Not Eligible to Retire? What Happens if You Create New Data for Your Retirement Application?

By on September 15, 2008 in Court Cases, Current Events with 0 Comments

A Department of Energy engineer in Aiken, South Carolina, tried unsuccessfully to persuade the appeals court to overturn a settlement agreement that required him to leave the agency. (Salazar v. Department of Energy, C.A.F.C. No. 2008-3186 (nonprecedential), 9/5/08) The Merit Systems Protection Board wouldn’t hear the case, and the appeals court now sides with the Board. The facts are taken from the court’s decision.

DOE initiated removal against Salazar when it learned he had given false personal information to the agency regarding his qualifications and country of birth. Salazar proposed that the agency let him retire instead of removing him, and the agency agreed. The settlement let Salazar stay on until he became eligible for early retirement. He followed through with a retirement application that listed his birth date as January 30, 1954. It was approved and he retired. (Opinion, p. 2)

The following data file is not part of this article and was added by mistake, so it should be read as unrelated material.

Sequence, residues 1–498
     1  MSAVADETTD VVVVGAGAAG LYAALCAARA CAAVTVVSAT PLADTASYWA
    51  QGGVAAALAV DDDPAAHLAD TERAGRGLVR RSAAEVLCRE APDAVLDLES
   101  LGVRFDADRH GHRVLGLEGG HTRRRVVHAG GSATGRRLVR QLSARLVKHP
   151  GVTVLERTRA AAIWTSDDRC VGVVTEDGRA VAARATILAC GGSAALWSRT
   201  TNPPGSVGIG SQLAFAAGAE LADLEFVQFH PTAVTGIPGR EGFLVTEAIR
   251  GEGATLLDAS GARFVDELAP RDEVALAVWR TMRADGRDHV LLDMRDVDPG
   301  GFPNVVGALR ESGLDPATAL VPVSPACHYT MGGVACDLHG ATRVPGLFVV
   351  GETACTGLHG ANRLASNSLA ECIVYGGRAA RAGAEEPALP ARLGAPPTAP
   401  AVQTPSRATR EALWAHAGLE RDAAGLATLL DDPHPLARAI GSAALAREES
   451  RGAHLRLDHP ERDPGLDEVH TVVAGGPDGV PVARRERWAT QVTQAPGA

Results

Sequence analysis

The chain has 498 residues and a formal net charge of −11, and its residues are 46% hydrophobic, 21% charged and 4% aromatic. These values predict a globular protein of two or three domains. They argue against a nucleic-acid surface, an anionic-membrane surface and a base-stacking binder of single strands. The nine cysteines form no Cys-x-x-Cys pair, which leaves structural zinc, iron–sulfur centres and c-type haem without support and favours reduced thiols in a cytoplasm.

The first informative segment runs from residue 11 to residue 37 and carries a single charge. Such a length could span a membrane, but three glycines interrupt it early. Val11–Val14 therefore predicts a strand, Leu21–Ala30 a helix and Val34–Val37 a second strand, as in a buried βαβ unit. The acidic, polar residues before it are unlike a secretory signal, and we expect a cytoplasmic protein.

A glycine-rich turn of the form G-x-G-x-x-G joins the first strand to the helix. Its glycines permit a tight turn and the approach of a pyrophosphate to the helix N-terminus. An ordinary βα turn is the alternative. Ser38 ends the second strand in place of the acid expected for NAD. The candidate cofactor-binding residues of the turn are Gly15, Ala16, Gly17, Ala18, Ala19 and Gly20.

Several months later, Salazar was indicted for false statements, including listing this birth date on his retirement application when in fact he was born in 1958, which was 4 years after his proclaimed birth date. He was convicted and OPM terminated his retirement annuity since he did not meet the age requirement. (pp. 2-3)

Salazar appealed to the MSPB arguing that the agency had breached the settlement agreement since it violated a provision to keep the matter confidential by blowing the whistle on him to government prosecutors. The Board concluded that he did not show breach and the appeals court now agrees. Here’s the court’s take: As the Board correctly concluded, any confidentiality provision in the settlement agreement could not prohibit the agency, as a matter of public policy, from reporting Salazar’s misconduct to the appropriate authority for prosecution." (p. 4) Further, since he was not really eligible to retire in the first place, he is in no position to complain about any breach by the agency. (p. 4)
 

© 2016 Susan McGuire Smith. All rights reserved. This article may not be reproduced without express written consent from Susan McGuire Smith.

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About the Author

Susan McGuire Smith spent most of her federal legal career with NASA, serving as Chief Counsel at Marshall Space Flight Center for 14 years. Her expertise is in government contracts, ethics, and personnel law.

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